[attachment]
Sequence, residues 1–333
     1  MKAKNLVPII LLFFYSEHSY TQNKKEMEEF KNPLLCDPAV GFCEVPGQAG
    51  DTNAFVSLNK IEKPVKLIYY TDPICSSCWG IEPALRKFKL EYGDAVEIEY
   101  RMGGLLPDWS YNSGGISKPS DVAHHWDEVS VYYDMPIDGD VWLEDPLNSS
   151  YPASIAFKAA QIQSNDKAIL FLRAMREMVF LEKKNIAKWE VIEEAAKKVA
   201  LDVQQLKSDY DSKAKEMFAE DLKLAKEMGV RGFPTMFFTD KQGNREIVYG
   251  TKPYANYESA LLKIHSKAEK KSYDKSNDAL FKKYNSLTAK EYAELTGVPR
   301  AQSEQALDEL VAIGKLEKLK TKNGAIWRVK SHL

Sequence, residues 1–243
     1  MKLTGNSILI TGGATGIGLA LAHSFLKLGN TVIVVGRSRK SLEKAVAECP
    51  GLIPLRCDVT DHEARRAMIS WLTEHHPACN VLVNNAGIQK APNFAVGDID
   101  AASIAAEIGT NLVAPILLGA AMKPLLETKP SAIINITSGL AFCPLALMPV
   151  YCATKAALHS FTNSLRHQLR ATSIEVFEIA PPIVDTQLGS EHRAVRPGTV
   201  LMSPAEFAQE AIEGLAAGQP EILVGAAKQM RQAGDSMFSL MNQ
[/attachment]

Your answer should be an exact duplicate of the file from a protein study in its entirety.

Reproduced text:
Sequence, residues 1–333
     1  MKAKNLVPII LLFFYSEHSY TQNKKEMEEF KNPLLCDPAV GFCEVPGQAG
    51  DTNAFVSLNK IEKPVKLIYY TDPICSSCWG IEPALRKFKL EYGDAVEIEY
   101  RMGGLLPDWS YNSGGISKPS DVAHHWDEVS VYYDMPIDGD VWLEDPLNSS
   151  YPASIAFKAA QIQSNDKAIL FLRAMREMVF LEKKNIAKWE VIEEAAKKVA
   201  LDVQQLKSDY DSKAKEMFAE DLKLAKEMGV RGFPTMFFTD KQGNREIVYG
   251  TKPYANYESA LLKIHSKAEK KSYDKSNDAL FKKYNSLTAK EYAELTGVPR
   301  AQSEQALDEL VAIGKLEKLK TKNGAIWRVK SHL

Sequence, residues 1–243
     1  MKLTGNSILI TGGATGIGLA LAHSFLKLGN TVIVVGRSRK SLEKAVAECP
    51  GLIPLRCDVT DHEARRAMIS WLTEHHPACN VLVNNAGIQK APNFAVGDID
   101  AASIAAEIGT NLVAPILLGA AMKPLLETKP SAIINITSGL AFCPLALMPV
   151  YCATKAALHS FTNSLRHQLR ATSIEVFEIA PPIVDTQLGS EHRAVRPGTV
   201  LMSPAEFAQE AIEGLAAGQP EILVGAAKQM RQAGDSMFSL MNQ